The “Man Made” exhibition currently showing at the Orcas Center is by local male artists that are seldom seen in local venues. Male artists are not prone to wave their own flags about their work, but rather we do our paintings, give a Neanderthal grunt of “me do good,” and then file the work away in storage places. However, the current exhibition may spark a deserved interest in what is happening with men-generated art.
OK, the highlights of the show: most definitely Dwight Duke’s diptych “Reflections” (meant to be shown side by side) of gun powder-generated images that are of barely representational imagery brought to a mesmerizing result by igniting gunpowder on Venetian plaster. It is both serendipitous and intentional at the same time. It is unfortunate that his work was not given a more prominent wall space. His bronze sculpture is also a tour de force laden with metaphors (since this is a beautiful 3D piece, it should be placed in the middle of the foyer).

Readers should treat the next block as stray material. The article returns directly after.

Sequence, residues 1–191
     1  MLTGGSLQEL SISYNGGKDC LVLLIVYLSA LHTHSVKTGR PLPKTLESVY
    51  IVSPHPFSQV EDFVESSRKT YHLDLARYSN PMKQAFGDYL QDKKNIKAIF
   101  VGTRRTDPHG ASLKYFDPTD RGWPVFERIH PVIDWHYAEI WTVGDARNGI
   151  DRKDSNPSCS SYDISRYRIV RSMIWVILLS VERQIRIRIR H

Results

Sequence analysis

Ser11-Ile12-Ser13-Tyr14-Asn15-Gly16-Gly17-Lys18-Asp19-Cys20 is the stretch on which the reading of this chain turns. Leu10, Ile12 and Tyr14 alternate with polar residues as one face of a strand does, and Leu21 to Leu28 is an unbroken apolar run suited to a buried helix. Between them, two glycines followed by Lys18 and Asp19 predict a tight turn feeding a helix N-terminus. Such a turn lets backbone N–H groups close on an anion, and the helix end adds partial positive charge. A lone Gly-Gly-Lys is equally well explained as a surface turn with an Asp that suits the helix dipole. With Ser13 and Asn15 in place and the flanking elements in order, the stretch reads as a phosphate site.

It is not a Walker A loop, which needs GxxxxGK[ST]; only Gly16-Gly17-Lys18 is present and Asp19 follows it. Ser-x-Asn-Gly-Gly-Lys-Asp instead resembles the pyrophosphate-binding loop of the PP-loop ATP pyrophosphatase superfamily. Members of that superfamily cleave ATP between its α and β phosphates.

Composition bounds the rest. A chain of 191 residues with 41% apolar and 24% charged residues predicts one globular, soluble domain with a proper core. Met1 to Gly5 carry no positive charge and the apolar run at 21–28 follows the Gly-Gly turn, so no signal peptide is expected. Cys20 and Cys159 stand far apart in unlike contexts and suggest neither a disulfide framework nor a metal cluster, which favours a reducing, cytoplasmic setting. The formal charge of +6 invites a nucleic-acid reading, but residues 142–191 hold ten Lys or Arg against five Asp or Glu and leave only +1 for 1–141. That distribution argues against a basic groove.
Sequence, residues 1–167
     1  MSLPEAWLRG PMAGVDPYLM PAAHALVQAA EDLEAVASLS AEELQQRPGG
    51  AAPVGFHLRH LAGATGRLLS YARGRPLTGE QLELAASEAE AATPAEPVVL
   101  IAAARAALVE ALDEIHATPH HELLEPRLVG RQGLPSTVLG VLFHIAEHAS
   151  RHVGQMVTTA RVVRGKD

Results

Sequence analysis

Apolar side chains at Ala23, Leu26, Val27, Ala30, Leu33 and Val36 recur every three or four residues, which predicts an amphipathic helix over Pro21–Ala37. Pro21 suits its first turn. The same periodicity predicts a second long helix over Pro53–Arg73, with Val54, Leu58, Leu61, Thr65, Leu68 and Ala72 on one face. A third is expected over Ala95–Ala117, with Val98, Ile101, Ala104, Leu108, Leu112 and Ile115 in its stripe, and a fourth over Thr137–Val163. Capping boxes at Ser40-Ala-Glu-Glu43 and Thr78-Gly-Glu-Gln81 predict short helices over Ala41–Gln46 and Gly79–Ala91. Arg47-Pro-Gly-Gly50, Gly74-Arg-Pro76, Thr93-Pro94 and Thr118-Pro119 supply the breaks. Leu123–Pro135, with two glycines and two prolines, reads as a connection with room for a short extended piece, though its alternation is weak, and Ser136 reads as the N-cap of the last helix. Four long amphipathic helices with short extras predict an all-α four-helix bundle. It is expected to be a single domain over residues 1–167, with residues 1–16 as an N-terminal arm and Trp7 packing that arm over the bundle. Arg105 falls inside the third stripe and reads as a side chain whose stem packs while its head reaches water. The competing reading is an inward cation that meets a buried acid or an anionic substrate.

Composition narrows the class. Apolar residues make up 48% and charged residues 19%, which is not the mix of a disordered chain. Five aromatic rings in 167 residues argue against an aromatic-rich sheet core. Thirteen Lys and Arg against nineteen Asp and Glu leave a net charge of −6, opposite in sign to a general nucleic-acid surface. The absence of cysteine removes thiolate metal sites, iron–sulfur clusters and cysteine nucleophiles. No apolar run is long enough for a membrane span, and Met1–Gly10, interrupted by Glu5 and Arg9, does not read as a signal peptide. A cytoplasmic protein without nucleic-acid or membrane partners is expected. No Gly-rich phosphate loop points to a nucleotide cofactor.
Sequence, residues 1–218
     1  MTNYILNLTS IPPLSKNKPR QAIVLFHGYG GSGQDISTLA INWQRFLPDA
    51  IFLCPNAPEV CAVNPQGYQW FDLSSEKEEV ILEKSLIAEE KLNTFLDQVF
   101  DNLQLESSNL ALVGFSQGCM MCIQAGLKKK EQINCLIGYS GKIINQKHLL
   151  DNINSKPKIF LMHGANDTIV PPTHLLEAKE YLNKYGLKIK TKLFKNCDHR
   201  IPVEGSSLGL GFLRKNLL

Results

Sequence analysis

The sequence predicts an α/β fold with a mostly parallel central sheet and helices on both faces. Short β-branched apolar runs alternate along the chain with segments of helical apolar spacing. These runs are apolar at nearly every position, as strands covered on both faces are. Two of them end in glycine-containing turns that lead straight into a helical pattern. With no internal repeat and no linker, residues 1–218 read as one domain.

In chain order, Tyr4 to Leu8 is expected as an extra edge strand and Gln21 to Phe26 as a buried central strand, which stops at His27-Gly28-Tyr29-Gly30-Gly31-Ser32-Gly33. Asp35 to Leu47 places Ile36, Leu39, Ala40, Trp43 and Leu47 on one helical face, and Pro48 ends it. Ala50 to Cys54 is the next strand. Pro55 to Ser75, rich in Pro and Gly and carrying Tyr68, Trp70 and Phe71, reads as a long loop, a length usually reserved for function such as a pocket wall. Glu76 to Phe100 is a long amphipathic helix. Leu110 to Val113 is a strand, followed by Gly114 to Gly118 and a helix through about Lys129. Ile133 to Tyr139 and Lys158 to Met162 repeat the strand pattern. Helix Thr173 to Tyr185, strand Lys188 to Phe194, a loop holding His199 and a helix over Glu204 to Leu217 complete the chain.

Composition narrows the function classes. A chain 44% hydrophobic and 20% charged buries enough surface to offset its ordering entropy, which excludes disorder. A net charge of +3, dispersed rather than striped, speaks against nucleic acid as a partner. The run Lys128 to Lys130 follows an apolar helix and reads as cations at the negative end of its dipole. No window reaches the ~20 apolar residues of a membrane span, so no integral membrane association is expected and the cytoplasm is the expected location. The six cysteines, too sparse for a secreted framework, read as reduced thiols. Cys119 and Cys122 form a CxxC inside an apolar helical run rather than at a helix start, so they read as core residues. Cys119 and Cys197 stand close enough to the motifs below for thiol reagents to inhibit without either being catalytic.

John Berry’s “Freda” is also a beautiful painting that should be studied for the use of both paint and drawing techniques. The two techniques complement one another and are obviously done by an accomplished artist. I hope to see more of his work in future exhibitions.
Bob Mattox’s “Apples” is another example of faultless painting, so well done in both exploratory technique and sensitive tonality (where have these guys been hiding?).
I’m commenting here on the fine arts only. There are other artists and artisans that are presenting very good pieces, but I want to dwell on the fine arts in particular and not the crafts. Exhibitions of this caliber are long overdue, and hopefully, the Visual Arts Committee of Orcas Center will be lining up some really good exhibitions for the future.